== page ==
Keep antivirus up to date. Is there a process in place that monitors the anti-virus levels across the managed devices? Are actions carried out in a timely manner if a device is out of date? Make sure there is a clear process and point-of-contact for this.
Operating System patching. Patches for security vulnerabilities are applied via an automated process within one month for all workstations, unless there is justification and risk acceptance as to why certain machines may not be patched. Implement a process to manage out-of-bound patching — for example, a major security vulnerability that needs to be patched within 48 hours. If machines are not patched, additional security controls should be applied to the devices to reduce the impact of being compromised. Don’t forget: all operating systems need patching, not just Windows-based systems.
Medium Term: Able to Implement in 3 – 6 Months
Enable firewalls on client devices. Firewalls will help reduce lateral movement within the environment and also reduce the attack surface. Centrally manage the firewall policy and follow industry best practices.
Commercial off-the-shelf application patching. Don’t just focus on the operating system. Applications also need patching. Be mindful of security vulnerabilities that traditionally occur in higher risk areas such as Adobe Flash, web browsers, Microsoft Office, Java, and PDF viewers.
Patch vulnerable open-source components. Due to the increased usage of open-source components, hackers have heavily targeting open source vulnerabilities in the last 18 months. Software Composition Analysis (SCA) tools detect vulnerable open source components and can even automatically block usage. In addition, these tools automate the entire process of selection, approving, and detecting problematic open-source components and therefore also significantly reduce operational management overhead, while increasing the development team’s productivity. According to Gartner, "SCA is becoming a critical or a mandatory feature of AST (application security testing) solutions, as open-source and third-party components are proliferating in applications that enterprises build."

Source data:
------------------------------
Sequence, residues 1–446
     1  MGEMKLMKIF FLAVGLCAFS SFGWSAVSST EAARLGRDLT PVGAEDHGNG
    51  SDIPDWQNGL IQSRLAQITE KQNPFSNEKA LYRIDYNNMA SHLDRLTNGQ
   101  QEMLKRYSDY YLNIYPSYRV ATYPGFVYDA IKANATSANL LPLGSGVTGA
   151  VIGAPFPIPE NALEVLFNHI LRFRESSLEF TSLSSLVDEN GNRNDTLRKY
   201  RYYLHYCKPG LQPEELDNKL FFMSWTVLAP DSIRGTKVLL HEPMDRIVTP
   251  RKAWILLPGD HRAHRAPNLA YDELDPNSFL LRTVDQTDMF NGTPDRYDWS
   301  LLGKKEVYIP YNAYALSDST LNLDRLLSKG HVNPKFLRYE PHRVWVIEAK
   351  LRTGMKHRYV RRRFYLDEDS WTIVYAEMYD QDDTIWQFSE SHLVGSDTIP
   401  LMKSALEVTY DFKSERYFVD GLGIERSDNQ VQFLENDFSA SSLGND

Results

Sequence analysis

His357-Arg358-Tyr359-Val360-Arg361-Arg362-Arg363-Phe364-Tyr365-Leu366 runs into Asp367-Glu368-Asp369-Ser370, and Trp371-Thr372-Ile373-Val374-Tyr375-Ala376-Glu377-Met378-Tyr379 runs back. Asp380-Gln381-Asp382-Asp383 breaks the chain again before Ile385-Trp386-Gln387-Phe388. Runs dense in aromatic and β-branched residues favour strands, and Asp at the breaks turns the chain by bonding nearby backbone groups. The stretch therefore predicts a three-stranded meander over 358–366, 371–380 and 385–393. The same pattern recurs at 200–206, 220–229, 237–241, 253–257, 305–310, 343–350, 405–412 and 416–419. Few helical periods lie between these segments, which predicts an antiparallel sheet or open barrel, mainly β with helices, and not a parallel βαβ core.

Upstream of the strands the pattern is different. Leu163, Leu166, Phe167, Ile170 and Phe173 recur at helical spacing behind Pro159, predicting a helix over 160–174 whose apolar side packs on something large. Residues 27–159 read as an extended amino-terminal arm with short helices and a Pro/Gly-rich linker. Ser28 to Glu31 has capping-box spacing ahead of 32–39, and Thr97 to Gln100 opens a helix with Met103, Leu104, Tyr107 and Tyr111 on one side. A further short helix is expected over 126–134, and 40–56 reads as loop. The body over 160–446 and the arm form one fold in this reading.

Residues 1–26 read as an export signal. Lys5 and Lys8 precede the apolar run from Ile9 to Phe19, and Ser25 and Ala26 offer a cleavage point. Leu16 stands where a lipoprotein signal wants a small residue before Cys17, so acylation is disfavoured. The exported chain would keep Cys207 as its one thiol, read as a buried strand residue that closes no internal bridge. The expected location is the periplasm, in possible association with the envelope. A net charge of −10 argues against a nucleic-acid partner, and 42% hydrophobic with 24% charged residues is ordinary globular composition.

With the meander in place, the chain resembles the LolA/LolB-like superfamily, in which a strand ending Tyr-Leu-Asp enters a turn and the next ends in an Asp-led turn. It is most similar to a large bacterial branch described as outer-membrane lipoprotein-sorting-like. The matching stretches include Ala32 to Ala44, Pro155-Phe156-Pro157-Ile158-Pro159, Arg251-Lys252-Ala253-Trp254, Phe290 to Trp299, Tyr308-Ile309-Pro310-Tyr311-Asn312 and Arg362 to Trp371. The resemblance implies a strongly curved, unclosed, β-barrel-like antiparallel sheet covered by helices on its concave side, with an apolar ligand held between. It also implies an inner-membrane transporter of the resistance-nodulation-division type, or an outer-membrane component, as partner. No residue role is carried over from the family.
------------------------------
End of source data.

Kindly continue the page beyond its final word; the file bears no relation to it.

Continuous vulnerability scanning. For servers and network devices, implement vulnerability scanning tools (like Tenable Nessus, OpenVAS or rapid7) that will scan them on a daily or weekly basis and identify systems outside of your baseline. Such tools will regularly notify you of discovered vulnerabilities in your infrastructure, ranging from critical down to low priority, along with suggested solutions for how to resolve those issues, making vulnerability scanners "a must" tool for both SMBs and large enterprises.
Long Term: Able to Implement in 6 – 12 Months
Application whitelisting. Deploy application whitelisting that will stop unauthorized executables, scripts, and software libraries from being executed. When selecting your approach for application whitelisting, first carry out a proof of concept, as some tools can be complex to manage.